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Rewriting Destiny: The Stories of Paige and Grayson

Every year, Shriners Children's selects two International Patient Ambassadors to represent the healthcare system's patients. We are proud to introduce our 2024-2025 International Patient Ambassadors Paige and Grayson, and share their incredible stories.
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Paige, Shriners Children's International Patient Ambassador:

Being brave means to not give up. Being brave means to try and ignore the negativity that comes your way and turn it into a positive. Essentially being brave is to be you aside from what other people may think.

Josh, Paige's Father:

Paige was a very, very vibrant, active little girl, the little social butterfly, very large friend group, into sports. Just a very, very fun child to be around. Full of love, laughter.


Childhood years were great until around my first grade year, and that's when I was prescribed seizure medications. And then I vividly remember around the first week of second grade, I had a seizure in class. It was a physical seizure, everyone could see, and I was embarrassed. And then from then on, I remember that was the point where my life started to not be fun.


So when we finally arrived at Shriners, it was late at night and they had a team waiting when the ambulance pulled up and you could tell immediately that they were prepared and they knew what they were doing. The doctors were very open and honest with us and told us, "Hey, this is very serious." But you could tell as soon as we arrived, we were in the right place.

Jong O. Lee, M.D., Chief of Burns, Shriners Children's Texas:

So Paige was diagnosed with a disease process known as toxic epidermal necrolysis. You'll have an allergic reaction to a medication that you started taking and your skin starts to turn red and then develop blisters, and they slough off, which causes intense pain. And when your skin is sloughed off, then you can't protect your body from surrounding infections and bacteria.

Renee, Paige's Mother:

I will say Shriners did amazing things. They grafted her with the pig skin and her pigmentation damage is very, very limited.


And really when she was a freshman is when she was really able to complete a full year of school, and I saw the happy, vibrant little girl come back out in her. And from there to where she's at today is just ... It's an amazing thing to see.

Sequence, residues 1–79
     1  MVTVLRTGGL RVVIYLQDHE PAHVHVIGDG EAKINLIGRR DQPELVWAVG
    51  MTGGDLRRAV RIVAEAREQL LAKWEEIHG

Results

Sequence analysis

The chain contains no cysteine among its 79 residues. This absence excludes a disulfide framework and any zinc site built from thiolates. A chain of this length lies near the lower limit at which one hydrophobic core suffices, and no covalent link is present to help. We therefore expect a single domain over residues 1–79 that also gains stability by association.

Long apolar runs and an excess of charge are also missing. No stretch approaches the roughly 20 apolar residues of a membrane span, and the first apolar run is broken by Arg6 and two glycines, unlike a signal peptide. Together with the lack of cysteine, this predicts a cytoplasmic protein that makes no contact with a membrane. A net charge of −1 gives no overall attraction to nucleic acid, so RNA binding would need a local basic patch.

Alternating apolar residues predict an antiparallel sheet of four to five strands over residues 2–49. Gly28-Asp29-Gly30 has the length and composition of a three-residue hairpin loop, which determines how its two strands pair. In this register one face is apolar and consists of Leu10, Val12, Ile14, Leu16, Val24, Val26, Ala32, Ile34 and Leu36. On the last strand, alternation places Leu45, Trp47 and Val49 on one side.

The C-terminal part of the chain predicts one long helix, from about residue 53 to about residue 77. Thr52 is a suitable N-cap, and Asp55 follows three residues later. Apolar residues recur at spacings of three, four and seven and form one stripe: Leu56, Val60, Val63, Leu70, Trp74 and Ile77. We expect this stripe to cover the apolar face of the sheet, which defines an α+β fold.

I just want to be remembered as a young woman who has gone through a lot but doesn't use that to keep moving on in life.

Grayson, Shriners Children's International Patient Ambassador:

Hey, I'm Grayson. I'm 20 years old. I'm from Louisville, Kentucky, and I go to school at Harding University, which is in Searcy, Arkansas. I'm majoring in construction science with dreams of being a developer and I'm from Ukraine.

Ceci, Grayson's Mother:

We struggled to have kids to begin with and we thought we were going to have our kids through adoption, and so we ended up doing the adoption through Ukraine.

Clay, Grayson's Father:

It's really in the hands and the control of the Ministry of Adoption there and very little time to make decisions. We were introduced to Grayson and were drawn to him. We were told that he might have some medical issues, and when we visited him, we saw that.

Vishwas R. Talwalkar, M.D., Chief of Staff, Shriners Children's Lexington:

So Grayson has proximal focal femoral deficiency, which is a process that can be very different in different children, and in his case, he has a lot of shortening, so he has a limb that's very short compared to the other side. Sometimes it's hard for the family to hear that perhaps doing an operation where you take off part of the leg is the best option that allows them to be as functional and avoid long periods of hospitalization. It's not the right answer for everyone, but after a long discussion and putting our heads together and lots of soul-searching, it ended up being the correct one.


Shriners just had this atmosphere of just, okay, this is fun, they had games, I get to be here, I get to leave school early and go to my appointment. I mean, every person that's ever helped me with my prosthetic ... I mean, I could say, "Hey, this isn't feeling right" and immediately they would give me three or four options of like, "Oh, let's fix this. How does this feel?"


We are so grateful for Shriners. They have let Grayson have top-notch, incredible care, enabled him to lead a full life and not one time think that he's wearing a prosthetic leg.

Raymond "Donny" Lee, Ed.D., Dean, Professor of Education, Harding University:

One of the things that inspires me most about Grayson is he doesn't skirt his challenges. He doesn't run away from them, he meets them head on, and when he meets them head on, he does it, I think, with a spirit, not just a determination, but really a spirit that is infectious to those around him. He invites you to join him in what he's doing


Easily, as a father, I'm most proud of his character.


I'm so proud of Grayson because he has not let his leg define him. People really love him and embrace him and see that true character of his.


When I think of the future, I get scared because of how awesome the present is. I just don't know how much better it can get.

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